lion to iiivnde Moxico, (vry few will nut Iwlieve he
fought a (li"iiien.bermei:t of tlio Union) i brought back
H prisnirer of Slum to Rirliiiioml , chnigod with high
livusuii; is tried dinl u:quilti d; i tuicud tu h nvo his na
tive laud and go In Europe, lij England lie is suspec
Jet and retires tu Fran ; c where lie lives in reduced cir
cumstnnccs, ut times not being ablo to procure a meal
ofvitualr. After an absence of several years he finds
moans to return homo.' ' lie lands in Boston wilhoiil a
cent in his pocket, an object 'of distrust to all.
Burr had heard no tiding of his daughter since his de
parture from his homcjhu was anxious Inliear' from her,
ier husband, and her boy, an only child in horn her
miul seemed bound up.' The first news he heard was
that his grandchild had died while he was un O'Hcast
ill fureigu lands which stroke he bit keenly ' for he
dearly loved lite bny. Theidnsia, Ihe daughter of Burr,
was Ihe wife of Gov, Alston ofSonth Carolina." She
was married young and while hor father Writ near the
zonilh of his fame, She was beautiful and accomplish
ed, a lady of the finest feelings, an elegant writer, a de
Toted wife, a fond mother, a most dutiful upd loving
daughter, who clung with redoubled affection to tho fur.
tunes of her father, as the clou Js of adversity gnlhered
around;' and he was deserted by the friends whom lie
formally cherished. '
The first duty Burr performed afler his arrrivnC here
was to acquaint Mrs. Alston of his return. She imme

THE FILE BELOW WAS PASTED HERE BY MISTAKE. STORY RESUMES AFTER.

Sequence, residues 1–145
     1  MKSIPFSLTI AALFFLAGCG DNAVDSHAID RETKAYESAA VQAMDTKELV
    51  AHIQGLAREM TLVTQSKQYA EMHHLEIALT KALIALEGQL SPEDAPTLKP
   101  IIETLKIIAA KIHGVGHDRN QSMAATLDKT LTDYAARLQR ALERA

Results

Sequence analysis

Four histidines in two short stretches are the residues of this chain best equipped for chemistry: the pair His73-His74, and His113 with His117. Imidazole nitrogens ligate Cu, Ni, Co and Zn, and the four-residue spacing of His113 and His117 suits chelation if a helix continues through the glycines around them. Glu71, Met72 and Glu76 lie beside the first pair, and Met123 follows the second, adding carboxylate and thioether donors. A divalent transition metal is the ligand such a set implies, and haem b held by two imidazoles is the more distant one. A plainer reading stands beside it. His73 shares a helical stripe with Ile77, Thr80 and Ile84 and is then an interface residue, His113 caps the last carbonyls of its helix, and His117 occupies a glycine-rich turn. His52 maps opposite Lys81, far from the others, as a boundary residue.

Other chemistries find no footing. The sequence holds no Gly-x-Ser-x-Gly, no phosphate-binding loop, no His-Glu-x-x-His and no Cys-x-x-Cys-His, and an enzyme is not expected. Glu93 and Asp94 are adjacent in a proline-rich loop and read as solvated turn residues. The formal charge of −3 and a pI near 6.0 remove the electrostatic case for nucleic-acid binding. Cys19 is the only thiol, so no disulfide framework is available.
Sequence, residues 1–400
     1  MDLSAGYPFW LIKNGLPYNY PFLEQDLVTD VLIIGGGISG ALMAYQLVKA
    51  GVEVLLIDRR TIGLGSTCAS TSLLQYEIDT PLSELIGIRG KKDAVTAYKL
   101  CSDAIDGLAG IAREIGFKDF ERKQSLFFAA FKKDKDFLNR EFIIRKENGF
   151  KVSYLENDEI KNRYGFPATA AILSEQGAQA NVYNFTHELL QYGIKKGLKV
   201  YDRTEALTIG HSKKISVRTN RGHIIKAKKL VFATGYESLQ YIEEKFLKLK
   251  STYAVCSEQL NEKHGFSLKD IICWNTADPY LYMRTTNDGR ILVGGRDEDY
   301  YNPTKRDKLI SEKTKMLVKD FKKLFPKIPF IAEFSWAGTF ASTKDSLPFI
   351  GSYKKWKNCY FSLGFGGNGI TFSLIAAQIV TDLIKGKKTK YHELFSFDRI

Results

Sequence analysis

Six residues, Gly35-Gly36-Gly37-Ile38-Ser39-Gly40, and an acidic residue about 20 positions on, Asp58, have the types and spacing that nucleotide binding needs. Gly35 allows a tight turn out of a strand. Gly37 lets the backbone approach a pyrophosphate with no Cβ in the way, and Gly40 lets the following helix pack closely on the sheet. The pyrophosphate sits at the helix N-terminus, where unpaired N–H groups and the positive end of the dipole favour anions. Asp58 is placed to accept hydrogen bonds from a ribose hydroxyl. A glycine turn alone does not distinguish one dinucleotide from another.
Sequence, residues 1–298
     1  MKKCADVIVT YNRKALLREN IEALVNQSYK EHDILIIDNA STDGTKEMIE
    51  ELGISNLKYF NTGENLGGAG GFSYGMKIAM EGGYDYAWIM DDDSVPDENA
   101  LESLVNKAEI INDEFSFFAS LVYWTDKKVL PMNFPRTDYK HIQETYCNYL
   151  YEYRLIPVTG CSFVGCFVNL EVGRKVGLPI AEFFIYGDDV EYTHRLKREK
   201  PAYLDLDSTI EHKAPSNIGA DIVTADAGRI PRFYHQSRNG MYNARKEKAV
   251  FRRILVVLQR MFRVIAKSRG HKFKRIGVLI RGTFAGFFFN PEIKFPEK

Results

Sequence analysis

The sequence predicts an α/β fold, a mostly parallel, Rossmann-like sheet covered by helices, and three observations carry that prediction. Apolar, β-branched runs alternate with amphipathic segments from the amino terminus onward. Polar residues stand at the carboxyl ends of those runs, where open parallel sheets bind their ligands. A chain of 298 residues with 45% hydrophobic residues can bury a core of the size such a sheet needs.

diately wrote back to him that she was corning to see
him, and would moot him in a few weeks in N. York.
The letter was couched in the most affectionate terms,
rind is another evidence of the purity and ptwer of wo
man's lover .,- 1 ' ' .
In the expectation ofseeing hit daughter in a few
days, Uurr recoived much pleasuie. She had become
hit all on earth. Wife, grandchild friend's and all were
gone, hit daughter nlone remained to cheer and solace
the evening of his life and lo welcomo him hack from his
exile. Days passed on then weeks and weeks were
lengthened into months yet naught was hekfd of Mrs.
Alston. Burr grew impatient, and bogah to, think (hat
ihe too had eft him. to ant it misfortune to doubt the
tincerity of friendship.' At lonsth lie received i 'letter
from Mr. Alston, inquiring if hit wife had arrived safe.
and stating tim! sht had tailed from Charleston om
jreeki previotit, in a vesael cbartereby film an pur
pote lo convey her lo N. York, " Not receiyinj any ti-
dings of her arrival ha was anxious to learn the cause
ofhertilence. v,( ,Jf ., . ' ' I ', j .
. What had occurred to delajr (he vessel Why bad it
. pot arriveuT, , iiieje wore quejuoes which- purr asked
The sequel is aunp told. The vessel nttvur arrived.
It undoubtedly foundered nt and nil on board pur.
ished. No tiding has aver been heard respecting the
vessel, the crew, or the daughter of Aaron Burr all
were lost. . This last sad bereavement was only requi
red to fill Burr't cup of sorrow. Tho last link was bro
ken which bound him to life. The uncertainty of her
fate but added to the poignancy of hit grief. Hope,ihe
last refuge of the afflicted, became extinct when yeart
had rolled on, and yet no tiding! of the loved and lost
Burr lived in New York until, tha year 1835 (we be
lieve) when he died. The last years of his life were
passed in comparative obscurity. Some lew old friends,